4 Stories of Surviving Execution, Including Iranian Set for Second Hanging

By Tara MacIsaac, Epoch Times
October 18, 2013 Updated: October 18, 2013

A 37-year-old Iranian man identified only as Alireza M. hung from a noose for 12 minutes before he was pronounced dead last week in Bojnourd prison, north-east Iran. When his family went to see the body the next day, they realized he was still breathing.

Iranian authorities are waiting for Alireza to regain his health before hanging him again.

A judge reportedly said his execution will go ahead “once medical staff confirm his health condition is good enough,” according to Amnesty International. Amnesty is called for a halt to the execution.

“The horrific prospect of this man facing a second hanging, after having gone through the whole ordeal already once, merely underlines the cruelty and inhumanity of the death penalty,” said Philip Luther, Director of Amnesty International’s Middle East and North Africa Programme.

Alireza was convicted on drug charges.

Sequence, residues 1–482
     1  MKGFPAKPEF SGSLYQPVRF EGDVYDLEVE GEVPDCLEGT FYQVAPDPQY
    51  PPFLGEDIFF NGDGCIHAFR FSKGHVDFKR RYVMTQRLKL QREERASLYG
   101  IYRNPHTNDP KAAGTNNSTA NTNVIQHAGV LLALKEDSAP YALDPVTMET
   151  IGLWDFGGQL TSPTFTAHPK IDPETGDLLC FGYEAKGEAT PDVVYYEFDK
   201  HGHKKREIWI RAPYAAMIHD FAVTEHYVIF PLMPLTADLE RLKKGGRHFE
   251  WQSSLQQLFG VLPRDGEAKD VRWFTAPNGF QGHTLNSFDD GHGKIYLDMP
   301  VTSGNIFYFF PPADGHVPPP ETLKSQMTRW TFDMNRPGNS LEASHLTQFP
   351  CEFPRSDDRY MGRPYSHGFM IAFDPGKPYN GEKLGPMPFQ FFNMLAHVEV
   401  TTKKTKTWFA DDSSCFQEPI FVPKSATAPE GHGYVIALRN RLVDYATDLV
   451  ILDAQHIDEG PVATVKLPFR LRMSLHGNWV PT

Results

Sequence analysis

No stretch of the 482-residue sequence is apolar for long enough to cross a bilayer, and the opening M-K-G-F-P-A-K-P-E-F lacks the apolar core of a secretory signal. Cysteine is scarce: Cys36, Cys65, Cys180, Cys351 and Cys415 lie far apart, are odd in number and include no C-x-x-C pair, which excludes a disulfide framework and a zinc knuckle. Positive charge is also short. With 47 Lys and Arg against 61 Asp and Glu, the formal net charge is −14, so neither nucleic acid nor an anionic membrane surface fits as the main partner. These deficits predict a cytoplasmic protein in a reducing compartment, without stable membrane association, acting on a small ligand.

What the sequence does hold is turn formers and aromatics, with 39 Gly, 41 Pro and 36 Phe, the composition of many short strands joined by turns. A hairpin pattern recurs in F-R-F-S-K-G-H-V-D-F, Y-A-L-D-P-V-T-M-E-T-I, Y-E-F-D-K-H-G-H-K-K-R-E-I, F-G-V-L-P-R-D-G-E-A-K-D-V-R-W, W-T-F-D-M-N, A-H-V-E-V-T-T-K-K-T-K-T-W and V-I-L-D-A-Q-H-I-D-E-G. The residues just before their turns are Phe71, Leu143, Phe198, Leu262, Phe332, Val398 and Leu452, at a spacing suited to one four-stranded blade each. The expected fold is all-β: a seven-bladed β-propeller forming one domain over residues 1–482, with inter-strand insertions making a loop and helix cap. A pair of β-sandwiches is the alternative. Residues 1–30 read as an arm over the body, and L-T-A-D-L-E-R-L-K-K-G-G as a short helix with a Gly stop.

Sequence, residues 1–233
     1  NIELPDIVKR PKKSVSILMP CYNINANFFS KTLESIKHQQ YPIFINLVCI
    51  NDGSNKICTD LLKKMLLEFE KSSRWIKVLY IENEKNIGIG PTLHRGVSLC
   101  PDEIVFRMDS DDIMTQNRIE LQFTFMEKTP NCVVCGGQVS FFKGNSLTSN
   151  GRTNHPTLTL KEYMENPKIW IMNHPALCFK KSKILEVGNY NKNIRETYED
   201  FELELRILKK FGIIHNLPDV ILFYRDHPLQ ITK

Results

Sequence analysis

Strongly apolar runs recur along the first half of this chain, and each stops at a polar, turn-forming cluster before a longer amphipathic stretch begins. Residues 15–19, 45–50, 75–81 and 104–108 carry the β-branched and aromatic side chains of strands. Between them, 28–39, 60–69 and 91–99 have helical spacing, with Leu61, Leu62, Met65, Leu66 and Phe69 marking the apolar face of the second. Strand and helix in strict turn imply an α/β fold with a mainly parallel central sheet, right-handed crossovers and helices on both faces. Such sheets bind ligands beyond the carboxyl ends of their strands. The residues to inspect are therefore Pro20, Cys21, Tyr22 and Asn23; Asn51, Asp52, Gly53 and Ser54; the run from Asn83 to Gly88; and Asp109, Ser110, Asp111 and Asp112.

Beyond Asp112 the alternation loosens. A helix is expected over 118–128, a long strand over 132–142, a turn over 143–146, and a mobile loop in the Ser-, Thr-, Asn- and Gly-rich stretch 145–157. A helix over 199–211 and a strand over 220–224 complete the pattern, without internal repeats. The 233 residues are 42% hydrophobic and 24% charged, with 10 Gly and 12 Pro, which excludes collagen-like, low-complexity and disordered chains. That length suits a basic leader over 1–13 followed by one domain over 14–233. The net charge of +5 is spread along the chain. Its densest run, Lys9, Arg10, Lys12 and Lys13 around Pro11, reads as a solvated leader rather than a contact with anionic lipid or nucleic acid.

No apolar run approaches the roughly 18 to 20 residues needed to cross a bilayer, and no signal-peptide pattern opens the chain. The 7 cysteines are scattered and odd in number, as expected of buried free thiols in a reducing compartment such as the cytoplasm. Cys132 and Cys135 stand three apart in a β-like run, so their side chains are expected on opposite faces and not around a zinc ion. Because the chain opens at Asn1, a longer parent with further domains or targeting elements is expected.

3 other amazing tales of surviving execution:

1. On Sept. 15, 2009, in Ohio, USA, Romell Broom faced execution for the 1984 abduction and murder of Tryna Middleton, 14.  Executioners tried to find a suitable vein in which to inject the solution that would bring his death. The failed attempts were painful, and in the end a suitable vein could not be found.

Broom still has not been executed. He is fighting a second execution attempt on two grounds. First, that it would constitute Double Jeopardy, meaning he would be punished for the same crime twice. Second, that it would be cruel and unusual punishment. 

2. In 1903, in Amulung, Philippines, two of four convicted murderers revived after being strangled by a garrote for eight minutes. They had been declared dead, but showed signs of life and revived in the church where their bodies were laid. The Los Angeles Herald reported on the incident at the time.

3. Famed 19th century Russian author Fydor Dostoevsky had a harrowing brush with death. He was arrested as a political prisoner. He and other prisoners were taken to a square and lined up to be shot after going through the process of making their final confessions to a priest, donning execution hoods, and so on.

At the last minute, a messenger from the tsar rode up with a pardon.

Dostoevsky was taken to a Siberian labor camp instead. His years in Siberia greatly influenced his literary work. 

*Image via Shutterstock